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St. Johns Bridge
StJohnsBridge.jpg
Coordinates 45°35′06″N 122°45′53″W / 45.58508°N 122.76477°W / 45.58508; -122.76477Coordinates: 45°35′06″N 122°45′53″W / 45.58508°N 122.76477°W / 45.58508; -122.76477
Carries
US 30 Byp.
Crosses Willamette River
Locale Portland, Oregon (Cathedral Park neighborhood, Northwest Industrial District/Linnton)
Maintained by Oregon Department of Transportation
Heritage status Portland Historic Landmark
Characteristics
Design Suspension bridge, Gothic
Total length 2,067 feet (630 m)
Height 400 feet (120 m)
Longest span 1,207 feet (368 m)
Clearance below 205 feet (62 m)
History
Designer David B. Steinman
Opened June 13, 1931; 90 years ago (1931-06-13)

The St. Johns Bridge is a steel suspension bridge that spans the Willamette River in Portland, Oregon, United States, between the Cathedral Park neighborhood in North Portland and the Linnton and Northwest Industrial neighborhoods in Northwest Portland. It carries the U.S. Route 30 Bypass. It is the only suspension bridge in the Willamette Valley and one of three public highway suspension bridges in Oregon.

The bridge has a 1,207-foot (368 m) center span and a total length of 2,067 feet (630 m). It is the tallest bridge in Portland, with two 400-foot-tall (120 m) towers and a 205-foot (62 m) navigational clearance. The adjacent park and neighborhood of Cathedral Park are named after the Gothic Cathedral-like appearance of the bridge towers.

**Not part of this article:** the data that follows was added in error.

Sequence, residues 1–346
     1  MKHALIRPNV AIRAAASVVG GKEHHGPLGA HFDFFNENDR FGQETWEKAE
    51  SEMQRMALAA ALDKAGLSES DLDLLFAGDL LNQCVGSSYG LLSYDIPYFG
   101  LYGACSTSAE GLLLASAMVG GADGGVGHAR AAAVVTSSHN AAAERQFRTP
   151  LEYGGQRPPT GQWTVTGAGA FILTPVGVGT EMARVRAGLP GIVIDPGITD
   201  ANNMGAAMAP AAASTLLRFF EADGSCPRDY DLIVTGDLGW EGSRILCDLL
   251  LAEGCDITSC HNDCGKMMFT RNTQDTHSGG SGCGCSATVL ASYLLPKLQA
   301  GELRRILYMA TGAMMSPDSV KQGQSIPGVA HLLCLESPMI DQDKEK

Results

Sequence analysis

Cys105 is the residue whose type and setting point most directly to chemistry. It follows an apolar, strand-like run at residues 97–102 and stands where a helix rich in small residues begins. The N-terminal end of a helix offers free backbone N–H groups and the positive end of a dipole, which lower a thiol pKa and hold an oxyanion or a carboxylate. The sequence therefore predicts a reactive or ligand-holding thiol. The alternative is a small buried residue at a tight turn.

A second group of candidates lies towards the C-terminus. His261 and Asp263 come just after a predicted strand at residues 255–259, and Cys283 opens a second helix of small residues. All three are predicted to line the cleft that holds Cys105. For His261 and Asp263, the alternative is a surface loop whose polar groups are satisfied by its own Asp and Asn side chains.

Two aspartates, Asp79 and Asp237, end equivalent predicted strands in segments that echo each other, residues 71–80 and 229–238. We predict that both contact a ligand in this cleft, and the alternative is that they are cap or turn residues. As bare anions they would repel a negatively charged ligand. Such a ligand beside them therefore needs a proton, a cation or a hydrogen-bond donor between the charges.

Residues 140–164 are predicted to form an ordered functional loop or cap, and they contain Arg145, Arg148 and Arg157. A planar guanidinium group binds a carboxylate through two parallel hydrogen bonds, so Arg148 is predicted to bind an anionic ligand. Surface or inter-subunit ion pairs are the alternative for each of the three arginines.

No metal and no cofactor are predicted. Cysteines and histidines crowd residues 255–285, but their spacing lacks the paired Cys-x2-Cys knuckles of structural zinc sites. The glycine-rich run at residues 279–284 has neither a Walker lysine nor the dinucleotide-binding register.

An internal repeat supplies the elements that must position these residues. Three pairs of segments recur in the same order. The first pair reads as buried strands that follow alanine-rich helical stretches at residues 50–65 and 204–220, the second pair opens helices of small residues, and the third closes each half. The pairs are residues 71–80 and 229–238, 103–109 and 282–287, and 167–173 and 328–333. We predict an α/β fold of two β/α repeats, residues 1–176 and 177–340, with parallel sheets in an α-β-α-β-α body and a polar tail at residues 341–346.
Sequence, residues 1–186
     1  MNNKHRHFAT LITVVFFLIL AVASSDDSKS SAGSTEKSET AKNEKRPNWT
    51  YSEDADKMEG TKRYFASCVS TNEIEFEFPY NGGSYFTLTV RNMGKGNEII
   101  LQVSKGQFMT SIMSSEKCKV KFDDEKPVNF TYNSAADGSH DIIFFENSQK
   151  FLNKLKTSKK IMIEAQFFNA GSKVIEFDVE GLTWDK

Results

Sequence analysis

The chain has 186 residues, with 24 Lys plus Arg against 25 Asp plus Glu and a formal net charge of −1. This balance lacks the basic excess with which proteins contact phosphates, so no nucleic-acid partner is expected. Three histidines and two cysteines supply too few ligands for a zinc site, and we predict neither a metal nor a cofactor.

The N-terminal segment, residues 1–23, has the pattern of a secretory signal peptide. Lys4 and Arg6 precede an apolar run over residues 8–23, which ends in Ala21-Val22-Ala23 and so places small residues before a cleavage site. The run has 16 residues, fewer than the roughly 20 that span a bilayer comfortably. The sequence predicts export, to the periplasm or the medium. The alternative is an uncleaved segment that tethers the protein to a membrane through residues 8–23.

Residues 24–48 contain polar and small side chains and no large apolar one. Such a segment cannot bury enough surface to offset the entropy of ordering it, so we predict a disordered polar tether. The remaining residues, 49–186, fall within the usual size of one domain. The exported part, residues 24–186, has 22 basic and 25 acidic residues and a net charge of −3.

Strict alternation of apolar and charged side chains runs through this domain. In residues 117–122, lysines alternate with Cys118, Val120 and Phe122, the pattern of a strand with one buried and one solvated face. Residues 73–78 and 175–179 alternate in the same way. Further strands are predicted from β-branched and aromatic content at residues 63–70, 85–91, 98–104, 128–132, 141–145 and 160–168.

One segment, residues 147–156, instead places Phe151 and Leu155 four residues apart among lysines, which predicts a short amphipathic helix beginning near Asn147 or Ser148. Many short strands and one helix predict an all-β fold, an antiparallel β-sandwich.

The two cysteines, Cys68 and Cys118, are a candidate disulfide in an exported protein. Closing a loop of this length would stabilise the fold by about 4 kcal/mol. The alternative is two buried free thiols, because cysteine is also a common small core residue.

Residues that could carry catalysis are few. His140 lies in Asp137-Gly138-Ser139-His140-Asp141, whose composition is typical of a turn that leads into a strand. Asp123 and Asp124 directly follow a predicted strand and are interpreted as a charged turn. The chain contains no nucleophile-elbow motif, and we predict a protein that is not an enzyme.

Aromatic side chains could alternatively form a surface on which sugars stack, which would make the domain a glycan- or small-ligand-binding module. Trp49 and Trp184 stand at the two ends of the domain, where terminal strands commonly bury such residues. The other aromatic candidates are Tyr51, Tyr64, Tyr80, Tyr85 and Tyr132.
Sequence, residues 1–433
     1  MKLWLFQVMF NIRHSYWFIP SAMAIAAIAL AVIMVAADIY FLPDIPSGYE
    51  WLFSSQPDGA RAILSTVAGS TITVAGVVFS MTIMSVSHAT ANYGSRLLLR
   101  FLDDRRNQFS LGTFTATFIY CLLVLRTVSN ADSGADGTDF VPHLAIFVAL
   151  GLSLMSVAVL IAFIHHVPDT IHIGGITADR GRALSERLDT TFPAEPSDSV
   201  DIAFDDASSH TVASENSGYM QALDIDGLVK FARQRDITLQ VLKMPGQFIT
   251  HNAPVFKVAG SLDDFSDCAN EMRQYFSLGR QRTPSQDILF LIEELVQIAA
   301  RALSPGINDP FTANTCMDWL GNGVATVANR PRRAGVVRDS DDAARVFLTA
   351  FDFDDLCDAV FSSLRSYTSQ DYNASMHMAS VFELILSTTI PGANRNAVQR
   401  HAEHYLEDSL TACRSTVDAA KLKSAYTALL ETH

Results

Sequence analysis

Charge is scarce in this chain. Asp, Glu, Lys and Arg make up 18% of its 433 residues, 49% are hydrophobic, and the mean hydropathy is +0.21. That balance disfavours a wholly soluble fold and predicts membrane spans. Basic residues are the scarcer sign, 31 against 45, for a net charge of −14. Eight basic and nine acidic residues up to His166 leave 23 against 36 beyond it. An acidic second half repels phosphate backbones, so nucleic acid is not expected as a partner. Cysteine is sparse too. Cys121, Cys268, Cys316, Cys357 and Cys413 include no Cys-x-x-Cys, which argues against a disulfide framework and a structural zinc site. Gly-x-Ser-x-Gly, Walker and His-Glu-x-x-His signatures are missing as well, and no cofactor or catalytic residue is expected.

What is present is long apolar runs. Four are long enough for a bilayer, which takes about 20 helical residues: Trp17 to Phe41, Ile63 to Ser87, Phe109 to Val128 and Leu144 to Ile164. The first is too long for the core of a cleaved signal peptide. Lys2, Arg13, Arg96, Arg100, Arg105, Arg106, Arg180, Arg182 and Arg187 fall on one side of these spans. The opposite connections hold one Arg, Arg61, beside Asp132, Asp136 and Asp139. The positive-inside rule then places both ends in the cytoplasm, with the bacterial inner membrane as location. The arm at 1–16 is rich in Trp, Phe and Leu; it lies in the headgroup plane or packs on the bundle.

History

Designed by internationally renowned engineer David B. Steinman (1886–1960) and Holton D. Robinson, of New York, the St. Johns was the longest suspension-type bridge west of the Mississippi River at the time of construction. It is the only major highway suspension bridge in the Willamette Valley and one of only three major highway suspension bridges in Oregon.

At the time of the proposal to build the bridge, the area was served by a ferry that carried 1,000 vehicles a day. The proposal for a bridge was initially met with skepticism in Multnomah County, since St. Johns and Linnton were over five miles (8 km) from the heart of the city, and local business owners had minimal political clout. But after a lobbying effort that included a vaudeville-style show performed at grange halls and schools throughout the county, voters approved a $4.25 million bond for the bridge in the November 1928 elections. Initially, a cantilever bridge was proposed, but a suspension bridge was selected due to an estimated $640,000 savings in construction costs.

The construction of the bridge began a month before the Stock Market Crash of 1929 and provided many county residents with employment during the Great Depression. Because of its proximity to the Swan Island Municipal Airport, some government officials wanted the bridge painted yellow with black stripes. County officials waited until St. Patrick's Day 1931 to announce that it would be painted green.

Dedication of the bridge was put off for one month in order to make it the centerpiece of the 23rd annual Rose Festival. It was dedicated on June 13, 1931, and during the ceremony, the bridge engineer, David B. Steinman, said: